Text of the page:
Sign or not, Nissen’s mark is on the Windmill
The passage of time has a way of chewing away at memories and changing history. When a person dies, the legacy that’s left behind can sometimes be shifted by changes in attitudes, the use of technology, social mores and other incidents.
That’s why Ron Nissen’s family and friends want to ensure that his contributions to the community at large, and especially, his efforts to establish The Windmill Farm and Craft Market, do not fade in anyone’s memory following his Jan. 25 death.
Of course, it’s a coincidence that Nissen’s death comes 25 years from the time he and others met with the Industrial Development Agency to describe his idea for an extension of a farmer’s market. Re-reading the articles from that era paint a clear picture that Yates County probably would not be reaping the benefits from the popular Saturday attraction without his efforts.
In the mid-1980s, Nissen, with Patricia, his wife at the time, and others laid the groundwork for the farm and craft market. Over time, because of some painful personal differences, Nissen’s name became less prominent in the organization.
That hasn’t set well with some.
Nissen’s brother, Jerry, wrote in an email message last week, “Ron Nissen was truly the “Driving Force” that had the idea, (after visiting a Pennsylvania market), hammered the message, brought people together and made it happen.”
At last year’s fall board of directors meeting, Jim Carey, who also had been involved in the market’s development and organization told the current board members, “The Windmill would not exist without Ron Nissen who was the true driving force that made this happen. No other person at that time could pull together the various components and call in the favors needed to make this a reality.”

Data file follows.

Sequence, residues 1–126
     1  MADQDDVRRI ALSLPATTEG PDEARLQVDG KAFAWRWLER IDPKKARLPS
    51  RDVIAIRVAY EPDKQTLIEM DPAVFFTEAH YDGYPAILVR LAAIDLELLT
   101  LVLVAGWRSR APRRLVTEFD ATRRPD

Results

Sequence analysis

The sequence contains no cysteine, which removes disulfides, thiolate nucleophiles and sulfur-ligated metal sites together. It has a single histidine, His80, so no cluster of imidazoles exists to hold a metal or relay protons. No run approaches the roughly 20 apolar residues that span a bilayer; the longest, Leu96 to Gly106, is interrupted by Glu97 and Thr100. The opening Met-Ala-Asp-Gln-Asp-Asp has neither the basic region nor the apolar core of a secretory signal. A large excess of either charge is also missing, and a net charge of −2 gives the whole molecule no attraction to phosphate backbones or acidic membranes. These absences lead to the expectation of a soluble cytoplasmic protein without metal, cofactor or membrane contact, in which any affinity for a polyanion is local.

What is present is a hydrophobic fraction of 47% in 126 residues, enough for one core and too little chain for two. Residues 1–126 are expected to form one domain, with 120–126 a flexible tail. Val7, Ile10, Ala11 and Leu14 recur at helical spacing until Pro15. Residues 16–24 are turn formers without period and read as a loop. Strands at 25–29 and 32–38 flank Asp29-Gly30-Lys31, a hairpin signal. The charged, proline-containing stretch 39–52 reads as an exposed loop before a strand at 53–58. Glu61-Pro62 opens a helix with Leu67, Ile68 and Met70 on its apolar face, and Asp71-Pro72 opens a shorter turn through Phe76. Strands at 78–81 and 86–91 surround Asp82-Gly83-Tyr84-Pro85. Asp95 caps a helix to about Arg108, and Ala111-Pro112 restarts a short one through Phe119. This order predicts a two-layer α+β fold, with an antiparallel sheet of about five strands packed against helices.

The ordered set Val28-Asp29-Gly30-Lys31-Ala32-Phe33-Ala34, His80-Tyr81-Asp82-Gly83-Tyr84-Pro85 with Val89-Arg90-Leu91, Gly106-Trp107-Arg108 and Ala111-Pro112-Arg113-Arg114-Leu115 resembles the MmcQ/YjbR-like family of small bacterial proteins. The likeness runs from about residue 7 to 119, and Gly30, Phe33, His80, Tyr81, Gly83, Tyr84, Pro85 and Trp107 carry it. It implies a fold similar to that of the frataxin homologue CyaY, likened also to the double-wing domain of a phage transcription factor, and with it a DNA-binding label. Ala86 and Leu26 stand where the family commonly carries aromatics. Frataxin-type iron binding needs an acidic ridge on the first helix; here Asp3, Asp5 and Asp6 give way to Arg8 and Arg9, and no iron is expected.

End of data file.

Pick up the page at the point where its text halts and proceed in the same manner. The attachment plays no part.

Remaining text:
Carey asked the board “To review the history of the founding of The Windmill and to record for postarity the true history of The Windmill founding.”
At Saturday evening’s Yates County Chamber of Commerce Annual Dinner, CEO Mike Linehan recognized Nissen as a former honoree at the annual event and said, “Ron helped bring people together for a common cause. The Windmill has been a great economic engine for the county.”
In a letter to Jerry Nissen, Steve Marchionda wrote, “Ron was, truly, one of the good guys.”
Noting the economic challenges that faced the area in the early 1980s (Penn Yan Boats, Penn Yan Express, Walkerbuilt and other businesses were leaving or had left the community), Marchionda wrote, “Unemployment was high and the outlook was bleak... In developing the Windmill, whether people know it, or want to admit it, Ron literally made one of the first steps into the development of a meaningful mechanism to draw large numbers of tourists into Yates County. And, he did it despite, again literally, no assistance (or even any meaningful encouragement) from the governmental agencies in place at the time, be it local, county, state, or federal.”
Opening the market and keeping it vital and popular has been at times difficult work that has benefitted from the contributions of hundreds over the years.
But the efforts of all who followed would be moot without the strong foundation that was built by Nissen and those he cajoled into joining his team.
“Ron is responsible for the Windmill; of that there is no doubt. Anyone with any history in Penn Yan knows that. However, in passing, I think it’s imperative for those of us who knew, loved and respected him, to be sure that message gets out for all to know as time goes by,” concludes Marchionda.
Nissen is survived by his wife, Donna, five sons, Aaron, Ronald Jr., Ryan, Craig and Paul and a daughter, Mary Lou Nealis, a large extended family and a grateful community.